Hulled Wheat

Hulled Wheat

HOW grateful I was for your wife’s visit, something I had not imagined while awake or in dreams! It was an act of the greatest kindness. And taros at this time of year1 are as rare as bamboo shoots in winter—as rare, in fact, as summertime snow!

I have duly received one sack of hulled wheat, one basket of taros, and two bamboo shoots that you sent.

The twenty-eighth day of the fifth month


The year and recipient of this letter are unknown, but the woman who visited Nichiren Daishonin with offerings of food apparently lived in a place not very distant from where he was staying. The Daishonin is especially pleased with her gift of taros, which he says are as rare as “bamboo shoots in winter” or snow in summer. From the nature of the offerings it seems that the Daishonin resided at Minobu at the time.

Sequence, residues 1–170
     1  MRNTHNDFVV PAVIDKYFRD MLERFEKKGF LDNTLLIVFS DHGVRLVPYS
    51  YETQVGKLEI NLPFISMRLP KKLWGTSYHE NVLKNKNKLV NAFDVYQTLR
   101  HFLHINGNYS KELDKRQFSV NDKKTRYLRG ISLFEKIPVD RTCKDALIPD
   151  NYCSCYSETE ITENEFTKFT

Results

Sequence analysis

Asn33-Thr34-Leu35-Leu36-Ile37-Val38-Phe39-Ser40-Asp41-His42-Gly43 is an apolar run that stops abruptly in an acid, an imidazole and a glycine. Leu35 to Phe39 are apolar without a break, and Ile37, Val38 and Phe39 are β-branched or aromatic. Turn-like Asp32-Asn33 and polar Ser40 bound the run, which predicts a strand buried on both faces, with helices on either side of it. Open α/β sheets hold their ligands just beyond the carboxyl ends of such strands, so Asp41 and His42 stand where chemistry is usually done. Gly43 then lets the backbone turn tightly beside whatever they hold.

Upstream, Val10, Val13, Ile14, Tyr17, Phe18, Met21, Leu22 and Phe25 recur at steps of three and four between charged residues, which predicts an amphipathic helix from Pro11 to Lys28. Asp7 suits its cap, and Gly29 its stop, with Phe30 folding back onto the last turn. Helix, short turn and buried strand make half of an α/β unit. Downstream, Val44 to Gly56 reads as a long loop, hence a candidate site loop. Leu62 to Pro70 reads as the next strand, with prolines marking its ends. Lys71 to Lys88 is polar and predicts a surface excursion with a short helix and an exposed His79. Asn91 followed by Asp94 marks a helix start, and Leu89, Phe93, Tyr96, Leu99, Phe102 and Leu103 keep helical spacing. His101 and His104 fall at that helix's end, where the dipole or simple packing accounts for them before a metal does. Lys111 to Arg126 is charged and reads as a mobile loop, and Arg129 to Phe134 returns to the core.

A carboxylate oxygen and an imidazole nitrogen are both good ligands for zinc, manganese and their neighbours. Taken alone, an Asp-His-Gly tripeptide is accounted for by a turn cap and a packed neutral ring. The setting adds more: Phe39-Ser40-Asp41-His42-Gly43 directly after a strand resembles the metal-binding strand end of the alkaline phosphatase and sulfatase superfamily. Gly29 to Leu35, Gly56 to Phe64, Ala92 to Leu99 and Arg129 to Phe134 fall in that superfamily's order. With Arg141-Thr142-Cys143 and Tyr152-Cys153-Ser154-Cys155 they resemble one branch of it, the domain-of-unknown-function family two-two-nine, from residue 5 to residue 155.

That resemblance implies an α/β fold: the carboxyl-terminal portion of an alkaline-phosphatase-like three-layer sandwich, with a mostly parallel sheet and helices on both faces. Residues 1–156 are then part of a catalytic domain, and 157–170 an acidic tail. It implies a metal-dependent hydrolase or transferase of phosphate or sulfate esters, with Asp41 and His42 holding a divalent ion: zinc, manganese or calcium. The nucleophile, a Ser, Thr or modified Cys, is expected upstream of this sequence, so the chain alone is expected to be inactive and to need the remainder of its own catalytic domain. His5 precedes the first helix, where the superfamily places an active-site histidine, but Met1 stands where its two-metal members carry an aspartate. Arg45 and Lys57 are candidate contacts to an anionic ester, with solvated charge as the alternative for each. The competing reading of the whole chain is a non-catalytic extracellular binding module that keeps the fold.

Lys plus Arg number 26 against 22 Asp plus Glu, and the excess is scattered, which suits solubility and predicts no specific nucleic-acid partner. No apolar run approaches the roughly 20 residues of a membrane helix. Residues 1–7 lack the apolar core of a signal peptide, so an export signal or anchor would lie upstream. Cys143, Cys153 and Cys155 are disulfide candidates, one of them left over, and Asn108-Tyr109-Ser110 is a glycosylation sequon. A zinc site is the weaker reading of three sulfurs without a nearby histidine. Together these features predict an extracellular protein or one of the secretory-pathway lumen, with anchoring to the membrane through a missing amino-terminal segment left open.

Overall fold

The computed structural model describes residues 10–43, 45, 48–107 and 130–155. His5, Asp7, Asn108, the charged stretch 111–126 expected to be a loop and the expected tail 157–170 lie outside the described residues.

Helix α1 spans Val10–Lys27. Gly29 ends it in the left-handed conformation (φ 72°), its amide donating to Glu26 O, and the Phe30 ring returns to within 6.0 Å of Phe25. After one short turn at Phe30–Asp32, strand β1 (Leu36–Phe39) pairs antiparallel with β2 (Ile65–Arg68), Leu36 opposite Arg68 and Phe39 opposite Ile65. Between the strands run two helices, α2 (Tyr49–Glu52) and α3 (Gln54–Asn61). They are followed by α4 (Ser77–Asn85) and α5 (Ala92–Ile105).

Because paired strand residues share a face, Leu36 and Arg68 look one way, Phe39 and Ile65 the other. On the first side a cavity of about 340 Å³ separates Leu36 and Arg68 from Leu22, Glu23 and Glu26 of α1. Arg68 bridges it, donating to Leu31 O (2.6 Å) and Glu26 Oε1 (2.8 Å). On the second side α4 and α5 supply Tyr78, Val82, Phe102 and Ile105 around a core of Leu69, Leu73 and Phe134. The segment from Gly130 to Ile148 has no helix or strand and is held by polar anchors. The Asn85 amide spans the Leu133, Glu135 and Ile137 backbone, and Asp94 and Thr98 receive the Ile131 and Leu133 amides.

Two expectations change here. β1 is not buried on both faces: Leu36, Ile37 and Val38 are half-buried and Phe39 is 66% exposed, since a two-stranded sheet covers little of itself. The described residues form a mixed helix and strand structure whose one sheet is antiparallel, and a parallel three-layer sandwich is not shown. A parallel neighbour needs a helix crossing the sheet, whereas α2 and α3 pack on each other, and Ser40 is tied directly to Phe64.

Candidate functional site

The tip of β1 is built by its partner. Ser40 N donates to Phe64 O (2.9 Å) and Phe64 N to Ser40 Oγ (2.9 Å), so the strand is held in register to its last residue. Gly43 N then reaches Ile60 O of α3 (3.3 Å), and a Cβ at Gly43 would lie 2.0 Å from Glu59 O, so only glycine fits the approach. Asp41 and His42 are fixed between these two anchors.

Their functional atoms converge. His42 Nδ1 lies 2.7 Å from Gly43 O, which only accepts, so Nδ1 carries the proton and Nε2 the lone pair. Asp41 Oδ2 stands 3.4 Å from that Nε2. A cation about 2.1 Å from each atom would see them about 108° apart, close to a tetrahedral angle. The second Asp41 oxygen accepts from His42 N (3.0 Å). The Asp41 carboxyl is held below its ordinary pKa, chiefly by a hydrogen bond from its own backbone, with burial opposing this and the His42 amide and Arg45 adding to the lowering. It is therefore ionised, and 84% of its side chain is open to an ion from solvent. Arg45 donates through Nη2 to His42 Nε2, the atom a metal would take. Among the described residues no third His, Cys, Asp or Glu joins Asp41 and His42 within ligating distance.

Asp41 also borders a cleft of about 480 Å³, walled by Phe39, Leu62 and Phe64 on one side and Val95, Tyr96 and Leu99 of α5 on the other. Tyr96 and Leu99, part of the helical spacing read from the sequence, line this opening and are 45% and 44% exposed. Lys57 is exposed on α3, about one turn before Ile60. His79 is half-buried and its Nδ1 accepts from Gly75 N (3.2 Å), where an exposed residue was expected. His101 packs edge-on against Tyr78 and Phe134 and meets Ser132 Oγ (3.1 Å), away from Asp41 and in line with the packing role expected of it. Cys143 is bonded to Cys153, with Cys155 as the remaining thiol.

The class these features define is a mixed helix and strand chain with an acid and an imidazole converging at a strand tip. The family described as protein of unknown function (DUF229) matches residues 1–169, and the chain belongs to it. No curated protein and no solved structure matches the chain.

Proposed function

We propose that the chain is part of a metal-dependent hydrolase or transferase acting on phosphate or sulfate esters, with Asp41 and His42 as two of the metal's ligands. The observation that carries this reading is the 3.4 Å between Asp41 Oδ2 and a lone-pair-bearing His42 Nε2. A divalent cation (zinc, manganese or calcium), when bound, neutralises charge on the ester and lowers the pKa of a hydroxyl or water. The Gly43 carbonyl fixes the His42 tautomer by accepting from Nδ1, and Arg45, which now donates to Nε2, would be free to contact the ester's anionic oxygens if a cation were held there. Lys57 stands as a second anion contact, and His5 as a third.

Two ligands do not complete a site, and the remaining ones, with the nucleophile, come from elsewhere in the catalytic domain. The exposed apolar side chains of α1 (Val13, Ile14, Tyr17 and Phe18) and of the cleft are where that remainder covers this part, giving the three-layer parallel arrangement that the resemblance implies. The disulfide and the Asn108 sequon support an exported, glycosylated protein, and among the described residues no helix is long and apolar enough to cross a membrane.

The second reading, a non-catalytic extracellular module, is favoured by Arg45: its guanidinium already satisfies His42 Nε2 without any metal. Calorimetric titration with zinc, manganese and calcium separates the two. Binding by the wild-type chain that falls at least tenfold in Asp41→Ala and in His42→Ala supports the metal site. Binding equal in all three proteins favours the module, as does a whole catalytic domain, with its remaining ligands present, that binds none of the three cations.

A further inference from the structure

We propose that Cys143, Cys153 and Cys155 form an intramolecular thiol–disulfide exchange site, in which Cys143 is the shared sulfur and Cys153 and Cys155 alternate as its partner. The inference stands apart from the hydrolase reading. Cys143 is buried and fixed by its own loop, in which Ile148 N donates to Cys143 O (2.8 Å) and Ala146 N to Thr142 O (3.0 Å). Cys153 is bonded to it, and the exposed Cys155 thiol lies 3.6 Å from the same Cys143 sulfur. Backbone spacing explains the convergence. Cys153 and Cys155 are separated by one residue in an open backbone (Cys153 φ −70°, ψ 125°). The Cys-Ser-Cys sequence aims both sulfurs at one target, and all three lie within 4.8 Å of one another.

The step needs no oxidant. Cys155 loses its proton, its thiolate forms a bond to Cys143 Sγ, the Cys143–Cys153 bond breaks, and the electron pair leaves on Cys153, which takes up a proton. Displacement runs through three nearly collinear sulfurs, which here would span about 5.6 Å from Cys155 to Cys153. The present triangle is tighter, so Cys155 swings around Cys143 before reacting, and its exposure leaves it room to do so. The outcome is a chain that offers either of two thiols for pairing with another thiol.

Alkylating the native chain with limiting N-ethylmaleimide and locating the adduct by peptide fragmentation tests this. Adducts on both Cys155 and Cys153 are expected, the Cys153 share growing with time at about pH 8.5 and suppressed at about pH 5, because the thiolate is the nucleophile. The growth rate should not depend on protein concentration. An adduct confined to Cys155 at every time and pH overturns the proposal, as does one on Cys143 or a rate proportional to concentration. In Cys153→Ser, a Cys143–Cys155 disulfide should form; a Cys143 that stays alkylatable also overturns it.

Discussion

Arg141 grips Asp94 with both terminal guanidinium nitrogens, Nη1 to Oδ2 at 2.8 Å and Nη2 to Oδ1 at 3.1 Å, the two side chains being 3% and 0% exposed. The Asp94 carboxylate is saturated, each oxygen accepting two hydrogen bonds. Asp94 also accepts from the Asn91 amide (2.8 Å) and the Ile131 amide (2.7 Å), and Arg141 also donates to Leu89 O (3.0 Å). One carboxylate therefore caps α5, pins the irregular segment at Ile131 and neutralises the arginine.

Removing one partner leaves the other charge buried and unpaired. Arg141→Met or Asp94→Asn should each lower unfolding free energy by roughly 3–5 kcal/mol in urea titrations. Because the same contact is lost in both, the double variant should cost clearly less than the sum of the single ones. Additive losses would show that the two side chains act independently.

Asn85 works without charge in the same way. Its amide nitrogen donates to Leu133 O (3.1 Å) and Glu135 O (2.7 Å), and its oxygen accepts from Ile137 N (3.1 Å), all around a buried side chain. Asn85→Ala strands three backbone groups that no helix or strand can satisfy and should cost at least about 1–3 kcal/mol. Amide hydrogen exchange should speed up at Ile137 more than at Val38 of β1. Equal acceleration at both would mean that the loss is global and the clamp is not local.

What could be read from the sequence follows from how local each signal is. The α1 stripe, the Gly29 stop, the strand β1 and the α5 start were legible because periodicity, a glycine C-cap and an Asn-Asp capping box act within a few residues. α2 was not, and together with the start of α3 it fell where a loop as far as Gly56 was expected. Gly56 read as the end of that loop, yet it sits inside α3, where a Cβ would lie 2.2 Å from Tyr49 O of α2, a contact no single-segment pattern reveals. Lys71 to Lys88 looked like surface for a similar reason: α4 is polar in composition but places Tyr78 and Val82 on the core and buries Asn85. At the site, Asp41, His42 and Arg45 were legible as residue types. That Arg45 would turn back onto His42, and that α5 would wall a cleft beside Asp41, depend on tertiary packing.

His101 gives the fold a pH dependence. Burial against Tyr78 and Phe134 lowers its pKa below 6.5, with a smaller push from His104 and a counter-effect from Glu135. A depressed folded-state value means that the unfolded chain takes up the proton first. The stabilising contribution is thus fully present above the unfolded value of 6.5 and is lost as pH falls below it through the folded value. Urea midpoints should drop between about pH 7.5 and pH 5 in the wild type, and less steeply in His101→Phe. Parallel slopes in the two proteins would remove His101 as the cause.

1. The date of this letter, the end of the fifth month in the old lunar calendar, would correspond to late June or early July by today’s calendar. Taros are usually harvested in autumn.

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